# Unique catcher for a missing argument use constant MISSING => bless {}, __PACKAGE__ . '::__missing__'; # Helper sub, that either checks its argument against the catcher # or otherwise returns the catcher itself. sub missing { @_ ? $_[0] && $_[0] eq MISSING : MISSING; } # To be used with signatures in various places: sub foo ($self, $val=missing) { if (missing $val) { # getter } else { # setter } }

    Thanks, Rolf!

    Greetings,
    -jo

    $gryYup$d0ylprbpriprrYpkJl2xyl~rzg??P~5lp2hyl0p$
      Your Welcome! :)

      But I suppose you don't want the sub missing() to be available as method the way ->foo() is?

      And while the MISSING object is a nice workaround for the semi-predicate problem, I still think it's an overkill here.

      Like I said you could just slurp into @val and have the full functionality, with less code:

      use strict; use warnings; use experimental "signatures"; use Carp; { package BLA; sub new ($class,@properties) { return bless {@properties}, $class; } sub foo ($self, @val) { unless (@val){ # getter return $self->{foo} } elsif (@val == 1) { # setter return $self->{foo} = $val[0]; } else { # ERROR local $" = ","; Carp::croak "Too many arguments for method 'BLA->foo(@val) +'"; } } } my $x = BLA->new(foo=>42); warn "getter:", $x->foo; warn "setter:", $x->foo(666); warn "getter:", $x->foo; warn "error:", $x->foo(42,666);

      -*- mode: compilation; default-directory: "d:/tmp/pm/" -*- Compilation started at Fri Jan 8 21:39:32 C:/Perl_524/bin\perl.exe -w d:/tmp/pm/missing_param.pl getter:42 at d:/tmp/pm/missing_param.pl line 31. setter:666 at d:/tmp/pm/missing_param.pl line 32. getter:666 at d:/tmp/pm/missing_param.pl line 33. Too many arguments for method 'BLA->foo(42,666)' at d:/tmp/pm/missing_ +param.pl line 34. Compilation exited abnormally with code 255 at Fri Jan 8 21:39:33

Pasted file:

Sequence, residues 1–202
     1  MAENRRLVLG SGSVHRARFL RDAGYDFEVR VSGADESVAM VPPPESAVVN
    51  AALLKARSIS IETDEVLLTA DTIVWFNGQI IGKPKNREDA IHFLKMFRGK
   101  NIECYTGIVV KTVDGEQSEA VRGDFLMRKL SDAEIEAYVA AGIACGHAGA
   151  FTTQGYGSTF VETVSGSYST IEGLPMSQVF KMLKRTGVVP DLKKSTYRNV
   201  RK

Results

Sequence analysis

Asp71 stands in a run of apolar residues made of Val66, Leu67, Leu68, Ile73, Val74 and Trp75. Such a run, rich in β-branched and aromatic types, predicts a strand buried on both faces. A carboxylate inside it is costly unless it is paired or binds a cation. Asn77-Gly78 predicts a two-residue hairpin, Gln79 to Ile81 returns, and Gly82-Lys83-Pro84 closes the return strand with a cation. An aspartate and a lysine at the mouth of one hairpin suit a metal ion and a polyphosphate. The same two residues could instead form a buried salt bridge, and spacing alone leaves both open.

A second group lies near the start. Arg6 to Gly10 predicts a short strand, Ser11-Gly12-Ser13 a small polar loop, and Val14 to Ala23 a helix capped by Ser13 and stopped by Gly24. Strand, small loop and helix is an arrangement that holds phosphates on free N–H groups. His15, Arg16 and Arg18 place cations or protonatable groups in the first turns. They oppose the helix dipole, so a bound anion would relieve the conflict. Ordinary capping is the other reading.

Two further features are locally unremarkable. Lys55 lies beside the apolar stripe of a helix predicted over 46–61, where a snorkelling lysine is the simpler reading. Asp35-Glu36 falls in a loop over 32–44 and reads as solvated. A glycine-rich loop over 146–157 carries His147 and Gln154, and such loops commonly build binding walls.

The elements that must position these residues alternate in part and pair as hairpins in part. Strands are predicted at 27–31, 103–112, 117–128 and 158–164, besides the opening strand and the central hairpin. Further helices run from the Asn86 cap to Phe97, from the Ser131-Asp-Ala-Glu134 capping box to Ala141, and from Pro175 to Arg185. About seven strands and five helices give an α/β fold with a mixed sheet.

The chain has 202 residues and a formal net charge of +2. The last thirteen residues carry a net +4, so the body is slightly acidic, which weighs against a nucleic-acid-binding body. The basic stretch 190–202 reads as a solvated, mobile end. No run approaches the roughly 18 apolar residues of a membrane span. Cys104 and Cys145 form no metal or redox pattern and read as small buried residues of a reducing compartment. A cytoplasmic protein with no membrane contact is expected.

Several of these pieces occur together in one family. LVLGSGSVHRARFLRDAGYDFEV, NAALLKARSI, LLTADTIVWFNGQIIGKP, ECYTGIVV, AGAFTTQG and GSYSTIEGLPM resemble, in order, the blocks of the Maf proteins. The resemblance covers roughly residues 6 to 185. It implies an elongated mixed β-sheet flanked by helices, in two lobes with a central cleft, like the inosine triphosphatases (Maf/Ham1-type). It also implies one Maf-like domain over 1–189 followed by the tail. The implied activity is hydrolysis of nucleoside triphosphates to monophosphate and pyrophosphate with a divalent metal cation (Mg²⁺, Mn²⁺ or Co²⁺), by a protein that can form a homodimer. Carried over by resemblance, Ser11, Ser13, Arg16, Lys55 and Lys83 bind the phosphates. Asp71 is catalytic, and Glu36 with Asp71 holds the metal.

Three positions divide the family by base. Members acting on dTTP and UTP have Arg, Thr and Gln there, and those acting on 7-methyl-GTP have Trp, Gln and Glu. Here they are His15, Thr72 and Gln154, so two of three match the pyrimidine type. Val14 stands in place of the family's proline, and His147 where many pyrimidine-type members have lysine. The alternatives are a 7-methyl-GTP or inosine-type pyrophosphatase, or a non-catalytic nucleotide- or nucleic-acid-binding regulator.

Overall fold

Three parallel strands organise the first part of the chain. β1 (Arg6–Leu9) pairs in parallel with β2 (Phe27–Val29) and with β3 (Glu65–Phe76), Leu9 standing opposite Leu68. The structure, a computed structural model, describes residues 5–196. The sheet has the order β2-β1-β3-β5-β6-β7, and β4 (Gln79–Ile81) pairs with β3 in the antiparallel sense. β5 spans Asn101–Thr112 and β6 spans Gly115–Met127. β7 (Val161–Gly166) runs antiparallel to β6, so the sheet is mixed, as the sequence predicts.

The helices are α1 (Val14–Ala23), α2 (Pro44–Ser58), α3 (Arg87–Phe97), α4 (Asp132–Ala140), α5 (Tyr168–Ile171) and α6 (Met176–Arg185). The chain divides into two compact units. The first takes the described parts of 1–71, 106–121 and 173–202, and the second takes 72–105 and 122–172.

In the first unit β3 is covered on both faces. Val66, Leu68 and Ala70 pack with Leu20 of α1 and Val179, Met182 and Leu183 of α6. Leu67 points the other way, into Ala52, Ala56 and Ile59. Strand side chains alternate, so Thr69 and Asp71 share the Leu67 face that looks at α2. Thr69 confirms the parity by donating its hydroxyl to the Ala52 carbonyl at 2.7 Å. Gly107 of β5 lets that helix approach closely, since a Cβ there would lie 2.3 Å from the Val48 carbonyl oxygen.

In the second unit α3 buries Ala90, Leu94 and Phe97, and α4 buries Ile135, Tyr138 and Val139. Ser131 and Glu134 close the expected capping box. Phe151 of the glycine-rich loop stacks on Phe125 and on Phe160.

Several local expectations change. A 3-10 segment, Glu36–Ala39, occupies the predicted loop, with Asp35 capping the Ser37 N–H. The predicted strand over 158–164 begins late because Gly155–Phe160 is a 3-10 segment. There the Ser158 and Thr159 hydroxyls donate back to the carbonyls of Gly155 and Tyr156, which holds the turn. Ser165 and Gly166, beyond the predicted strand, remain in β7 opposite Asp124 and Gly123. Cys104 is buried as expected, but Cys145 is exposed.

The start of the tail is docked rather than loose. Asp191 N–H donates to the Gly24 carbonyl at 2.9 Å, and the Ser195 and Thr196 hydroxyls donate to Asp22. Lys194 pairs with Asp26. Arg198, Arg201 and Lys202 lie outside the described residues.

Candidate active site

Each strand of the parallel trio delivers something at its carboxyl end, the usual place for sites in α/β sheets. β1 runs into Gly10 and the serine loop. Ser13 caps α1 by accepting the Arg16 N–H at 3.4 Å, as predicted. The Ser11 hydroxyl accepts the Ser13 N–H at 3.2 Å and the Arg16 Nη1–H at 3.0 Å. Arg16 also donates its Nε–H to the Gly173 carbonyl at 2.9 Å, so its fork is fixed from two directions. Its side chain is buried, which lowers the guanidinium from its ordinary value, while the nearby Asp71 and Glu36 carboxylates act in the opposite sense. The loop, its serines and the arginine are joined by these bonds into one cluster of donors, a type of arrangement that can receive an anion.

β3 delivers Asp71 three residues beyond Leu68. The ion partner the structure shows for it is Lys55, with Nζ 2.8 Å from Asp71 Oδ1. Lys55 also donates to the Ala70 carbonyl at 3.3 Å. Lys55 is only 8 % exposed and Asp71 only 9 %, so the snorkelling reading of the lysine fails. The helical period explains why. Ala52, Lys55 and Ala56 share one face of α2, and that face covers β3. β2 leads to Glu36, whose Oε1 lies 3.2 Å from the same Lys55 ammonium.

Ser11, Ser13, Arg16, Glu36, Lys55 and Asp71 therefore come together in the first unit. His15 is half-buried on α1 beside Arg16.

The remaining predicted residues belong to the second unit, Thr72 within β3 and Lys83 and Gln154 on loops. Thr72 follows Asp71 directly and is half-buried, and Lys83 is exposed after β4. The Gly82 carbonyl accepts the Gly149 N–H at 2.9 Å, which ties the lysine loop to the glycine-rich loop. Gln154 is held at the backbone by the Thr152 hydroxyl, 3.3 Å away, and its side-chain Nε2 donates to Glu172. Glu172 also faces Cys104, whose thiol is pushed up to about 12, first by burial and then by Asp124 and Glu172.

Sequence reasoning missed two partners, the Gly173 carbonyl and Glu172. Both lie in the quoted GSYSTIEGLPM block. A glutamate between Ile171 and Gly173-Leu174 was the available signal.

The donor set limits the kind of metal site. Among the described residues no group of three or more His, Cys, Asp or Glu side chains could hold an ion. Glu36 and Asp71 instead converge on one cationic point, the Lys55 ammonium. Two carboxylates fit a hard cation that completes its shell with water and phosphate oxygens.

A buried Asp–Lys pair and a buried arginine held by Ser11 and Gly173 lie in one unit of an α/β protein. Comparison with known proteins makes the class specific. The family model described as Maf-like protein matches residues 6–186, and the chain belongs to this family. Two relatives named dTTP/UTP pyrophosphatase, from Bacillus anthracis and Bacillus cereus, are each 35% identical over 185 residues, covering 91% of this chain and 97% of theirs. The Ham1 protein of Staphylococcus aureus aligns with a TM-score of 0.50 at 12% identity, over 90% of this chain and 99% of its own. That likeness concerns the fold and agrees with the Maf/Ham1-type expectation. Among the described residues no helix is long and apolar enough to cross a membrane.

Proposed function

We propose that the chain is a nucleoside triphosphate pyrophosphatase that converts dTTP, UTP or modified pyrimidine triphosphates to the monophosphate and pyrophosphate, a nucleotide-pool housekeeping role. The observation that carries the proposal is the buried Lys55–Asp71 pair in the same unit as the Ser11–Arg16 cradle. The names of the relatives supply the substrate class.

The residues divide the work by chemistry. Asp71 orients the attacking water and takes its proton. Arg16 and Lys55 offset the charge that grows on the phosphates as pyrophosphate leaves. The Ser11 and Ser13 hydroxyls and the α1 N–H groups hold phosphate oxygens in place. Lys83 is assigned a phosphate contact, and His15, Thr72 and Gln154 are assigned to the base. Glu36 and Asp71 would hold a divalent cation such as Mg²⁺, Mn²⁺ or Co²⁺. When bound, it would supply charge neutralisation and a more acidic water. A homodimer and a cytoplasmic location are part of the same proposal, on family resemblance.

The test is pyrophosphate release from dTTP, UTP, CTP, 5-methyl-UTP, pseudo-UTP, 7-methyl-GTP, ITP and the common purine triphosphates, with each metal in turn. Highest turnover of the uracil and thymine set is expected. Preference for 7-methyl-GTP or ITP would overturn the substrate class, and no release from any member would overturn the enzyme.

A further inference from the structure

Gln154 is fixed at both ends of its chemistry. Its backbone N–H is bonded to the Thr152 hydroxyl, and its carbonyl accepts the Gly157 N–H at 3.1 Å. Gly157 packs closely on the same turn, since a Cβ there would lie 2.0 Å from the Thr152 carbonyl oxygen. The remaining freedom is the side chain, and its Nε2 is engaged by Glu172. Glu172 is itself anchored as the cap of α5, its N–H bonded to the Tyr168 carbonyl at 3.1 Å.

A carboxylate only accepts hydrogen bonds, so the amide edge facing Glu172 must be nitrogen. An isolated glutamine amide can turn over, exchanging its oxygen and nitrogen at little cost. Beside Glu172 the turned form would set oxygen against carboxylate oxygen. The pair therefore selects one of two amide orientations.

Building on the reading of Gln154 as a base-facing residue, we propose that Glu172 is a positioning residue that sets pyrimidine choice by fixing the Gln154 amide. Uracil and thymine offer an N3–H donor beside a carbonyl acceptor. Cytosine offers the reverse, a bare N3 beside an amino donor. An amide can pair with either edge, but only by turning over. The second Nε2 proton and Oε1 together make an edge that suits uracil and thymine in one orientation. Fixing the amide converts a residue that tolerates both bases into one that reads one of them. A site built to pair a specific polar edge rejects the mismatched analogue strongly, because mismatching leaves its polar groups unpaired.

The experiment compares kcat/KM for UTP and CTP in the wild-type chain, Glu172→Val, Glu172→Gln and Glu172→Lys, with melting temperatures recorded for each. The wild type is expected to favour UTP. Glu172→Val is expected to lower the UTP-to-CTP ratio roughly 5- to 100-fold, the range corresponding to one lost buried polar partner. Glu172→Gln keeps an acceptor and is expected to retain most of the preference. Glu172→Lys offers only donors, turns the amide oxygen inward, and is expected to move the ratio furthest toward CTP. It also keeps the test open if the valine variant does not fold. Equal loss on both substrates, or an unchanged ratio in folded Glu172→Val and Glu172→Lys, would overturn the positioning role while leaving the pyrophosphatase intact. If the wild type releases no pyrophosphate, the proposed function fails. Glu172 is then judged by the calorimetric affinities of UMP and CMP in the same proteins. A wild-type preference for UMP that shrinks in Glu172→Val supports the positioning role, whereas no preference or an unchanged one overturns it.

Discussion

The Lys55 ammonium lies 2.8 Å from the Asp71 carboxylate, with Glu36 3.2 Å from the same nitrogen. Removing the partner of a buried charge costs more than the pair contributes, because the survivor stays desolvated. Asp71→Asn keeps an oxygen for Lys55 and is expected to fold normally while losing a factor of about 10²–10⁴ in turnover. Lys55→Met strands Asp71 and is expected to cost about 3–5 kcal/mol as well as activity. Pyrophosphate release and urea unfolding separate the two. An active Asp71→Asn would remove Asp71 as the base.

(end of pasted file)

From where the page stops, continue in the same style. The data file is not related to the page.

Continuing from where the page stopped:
Cheers Rolf
      (addicted to the Perl Programming Language :)
      Wikisyntax for the Monastery

      updates

      improved code with croak and better error message

        But I suppose you don't want the sub missing() to be available as method the way ->foo() is?

        That doesn't harm at all. Calling $obj->missing just returns false, which is correct :-)

        However, your objection discovered a flaw in my approach. The missing sub needs to be prototyped to go one step further: multiple optional arguments. And then slurping starts hurting :-)

        This leads to:

        #!/usr/bin/perl use v5.16; use warnings FATAL => 'all'; package Foo; use experimental 'signatures'; use constant MISSING => bless {}, __PACKAGE__ . '::__missing__'; sub missing :prototype(;$) { @_ ? $_[0] && $_[0] eq MISSING : MISSING; } sub new ($class) { bless {}, $class; } sub foo ($self, $foo=missing, $bar=missing) { say "foo is missing" if missing $foo; say "bar is missing" if missing $bar; } package main; my $foo = Foo->new; say "none:"; $foo->foo; say "one:"; $foo->foo(1); say "two:"; $foo->foo(1, 2); print "\n"; say 'object foo is not missing' unless $foo->missing; __DATA__ none: foo is missing bar is missing one: bar is missing two: object foo is not missing

        Greetings,
        -jo

        $gryYup$d0ylprbpriprrYpkJl2xyl~rzg??P~5lp2hyl0p$